- Poster presentation
- Open Access
P02.192. The mediating role of bodily dissociation and emotion regulation on PTSD symptoms among women in substance use disorder treatment
© Price and Herting; licensee BioMed Central Ltd. 2012
- Published: 12 June 2012
- Emotion Regulation
- Ptsd Symptom
- Mediation Model
- Symptom Scale
- Relapse Prevention
Dissociation from the body involves a sense of separation from bodily self and typically involves a lack of attention to sensory awareness. Dissociation from the body is common among women with a history of sexual trauma and interferes with emotion regulation. Interoceptive awareness (inner body awareness and processing), has recently been posited as important to homeostasis and regulation to facilitate relapse prevention among individuals in substance use disorder treatment. The purpose of this study was to explore the mediating role of bodily dissociation and emotion regulation on PTSD symptoms among women in substance use disorder treatment.
The sample (N=46) were women in substance use disorder treatment participating in a NIH-funded study to examine a body-oriented therapy intervention that teaches interoceptive skills. The majority of the sample (~70%) had been exposed to the body-oriented therapy intervention. We used a SEM modeling approach with maximum likelihood estimation to test the effect of bodily dissociation and emotion regulation on PTSD symptoms across the 9 month study period involving assessments at baseline, 3, 6 and 9 month follow-up. The Scale of Body Connection, Difficulties in Emotion Regulation, and Modified PTSD Symptom Scale were used.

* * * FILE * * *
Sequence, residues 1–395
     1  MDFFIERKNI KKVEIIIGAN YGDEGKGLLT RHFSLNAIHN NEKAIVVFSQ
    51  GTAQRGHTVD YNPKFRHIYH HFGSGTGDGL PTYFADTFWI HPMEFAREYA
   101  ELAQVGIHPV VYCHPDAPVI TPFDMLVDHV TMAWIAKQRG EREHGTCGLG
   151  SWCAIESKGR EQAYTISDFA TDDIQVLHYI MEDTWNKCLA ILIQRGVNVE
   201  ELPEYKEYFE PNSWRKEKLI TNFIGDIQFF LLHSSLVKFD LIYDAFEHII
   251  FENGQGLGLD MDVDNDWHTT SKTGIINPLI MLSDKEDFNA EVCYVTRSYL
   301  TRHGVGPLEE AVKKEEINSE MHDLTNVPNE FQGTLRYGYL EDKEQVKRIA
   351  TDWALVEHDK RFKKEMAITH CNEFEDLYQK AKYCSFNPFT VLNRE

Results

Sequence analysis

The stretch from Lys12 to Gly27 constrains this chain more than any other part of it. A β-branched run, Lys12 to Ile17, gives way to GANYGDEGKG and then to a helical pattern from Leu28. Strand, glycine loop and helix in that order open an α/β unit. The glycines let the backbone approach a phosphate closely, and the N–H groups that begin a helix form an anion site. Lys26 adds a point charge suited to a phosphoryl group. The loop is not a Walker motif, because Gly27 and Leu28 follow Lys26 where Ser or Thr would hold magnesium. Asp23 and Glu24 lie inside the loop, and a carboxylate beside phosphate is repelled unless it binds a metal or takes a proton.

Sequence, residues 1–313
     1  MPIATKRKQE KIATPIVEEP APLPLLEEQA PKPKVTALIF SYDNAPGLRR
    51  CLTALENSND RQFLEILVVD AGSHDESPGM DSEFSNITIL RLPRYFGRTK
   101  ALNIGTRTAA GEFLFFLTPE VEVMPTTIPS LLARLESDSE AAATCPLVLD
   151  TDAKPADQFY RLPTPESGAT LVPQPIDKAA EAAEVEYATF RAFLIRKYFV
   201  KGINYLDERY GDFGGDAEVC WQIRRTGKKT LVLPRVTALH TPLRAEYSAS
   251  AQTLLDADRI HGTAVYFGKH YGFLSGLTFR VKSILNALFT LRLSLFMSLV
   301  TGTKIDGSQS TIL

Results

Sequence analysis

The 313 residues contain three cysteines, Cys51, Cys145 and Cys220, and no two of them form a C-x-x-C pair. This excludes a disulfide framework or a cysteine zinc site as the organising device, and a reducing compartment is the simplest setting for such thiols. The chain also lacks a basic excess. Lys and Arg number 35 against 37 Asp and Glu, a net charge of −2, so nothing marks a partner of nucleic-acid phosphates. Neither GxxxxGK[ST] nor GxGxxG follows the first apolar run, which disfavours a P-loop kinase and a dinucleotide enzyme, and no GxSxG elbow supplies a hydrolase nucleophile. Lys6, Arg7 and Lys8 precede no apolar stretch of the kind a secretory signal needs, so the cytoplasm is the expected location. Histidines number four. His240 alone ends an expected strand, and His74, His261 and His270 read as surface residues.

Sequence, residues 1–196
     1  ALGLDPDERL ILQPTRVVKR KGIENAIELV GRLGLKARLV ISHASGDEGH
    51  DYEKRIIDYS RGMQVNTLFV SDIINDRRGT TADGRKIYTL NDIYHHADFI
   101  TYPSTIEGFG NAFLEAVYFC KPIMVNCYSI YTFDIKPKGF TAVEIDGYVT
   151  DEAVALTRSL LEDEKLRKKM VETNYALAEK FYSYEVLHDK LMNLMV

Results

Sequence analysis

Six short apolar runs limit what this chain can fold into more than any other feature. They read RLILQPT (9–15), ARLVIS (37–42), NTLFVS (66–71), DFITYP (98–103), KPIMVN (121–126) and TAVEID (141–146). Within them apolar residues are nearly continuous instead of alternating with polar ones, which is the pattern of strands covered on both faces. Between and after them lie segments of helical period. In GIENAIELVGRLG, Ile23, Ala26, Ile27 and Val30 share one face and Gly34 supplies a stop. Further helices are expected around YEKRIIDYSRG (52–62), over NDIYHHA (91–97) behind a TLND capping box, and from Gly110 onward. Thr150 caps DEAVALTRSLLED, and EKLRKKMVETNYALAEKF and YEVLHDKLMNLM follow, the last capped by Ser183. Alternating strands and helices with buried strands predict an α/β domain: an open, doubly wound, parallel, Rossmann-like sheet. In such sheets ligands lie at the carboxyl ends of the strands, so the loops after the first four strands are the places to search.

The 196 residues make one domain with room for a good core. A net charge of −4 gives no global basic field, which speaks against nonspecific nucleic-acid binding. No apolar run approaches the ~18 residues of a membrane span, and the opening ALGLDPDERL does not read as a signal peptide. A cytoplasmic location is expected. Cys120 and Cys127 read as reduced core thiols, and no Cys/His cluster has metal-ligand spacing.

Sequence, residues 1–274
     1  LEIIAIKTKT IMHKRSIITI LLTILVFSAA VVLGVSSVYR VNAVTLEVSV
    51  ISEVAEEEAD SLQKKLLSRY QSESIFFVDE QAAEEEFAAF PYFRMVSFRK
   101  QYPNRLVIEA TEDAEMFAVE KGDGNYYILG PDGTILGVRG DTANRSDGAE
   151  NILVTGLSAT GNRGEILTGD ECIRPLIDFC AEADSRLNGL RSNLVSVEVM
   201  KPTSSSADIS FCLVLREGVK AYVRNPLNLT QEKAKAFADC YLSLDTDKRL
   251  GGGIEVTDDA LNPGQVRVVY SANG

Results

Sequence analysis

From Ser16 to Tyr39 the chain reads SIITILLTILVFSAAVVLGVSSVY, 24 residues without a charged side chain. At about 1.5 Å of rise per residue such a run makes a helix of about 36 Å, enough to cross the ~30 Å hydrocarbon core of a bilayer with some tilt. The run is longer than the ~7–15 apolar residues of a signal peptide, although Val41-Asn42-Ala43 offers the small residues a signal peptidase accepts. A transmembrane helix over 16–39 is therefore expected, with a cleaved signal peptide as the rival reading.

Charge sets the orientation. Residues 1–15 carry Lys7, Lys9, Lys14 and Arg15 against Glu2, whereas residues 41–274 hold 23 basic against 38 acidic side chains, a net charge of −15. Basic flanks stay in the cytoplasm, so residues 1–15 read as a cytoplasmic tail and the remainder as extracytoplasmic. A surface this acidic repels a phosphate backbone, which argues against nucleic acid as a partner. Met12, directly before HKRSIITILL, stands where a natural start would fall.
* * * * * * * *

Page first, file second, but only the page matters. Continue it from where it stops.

The results showed significant indirect effects of bodily dissociation and emotion regulation on PTSD symptoms. Specifically, the mediation model indicates the following temporal relationship between variables: bodily dissociation → emotion regulation difficulties → PTSD symptoms where bodily dissociation has no direct effect on later PTSD symptoms but operates through its effect on emotion regulation difficulties.
The results suggest the role of bodily dissociation reduction in emotional regulation among women seeking treatment for a substance use disorder that have a history of sexual trauma. These findings support current theoretical models specific to interoception for relapse prevention, and point to the need for interventions that teach interoceptive skills.
This article is published under license to BioMed Central Ltd. This is an Open Access article distributed under the terms of the Creative Commons Attribution License (http://creativecommons.org/licenses/by/2.0), which permits unrestricted use, distribution, and reproduction in any medium, provided the original work is properly cited.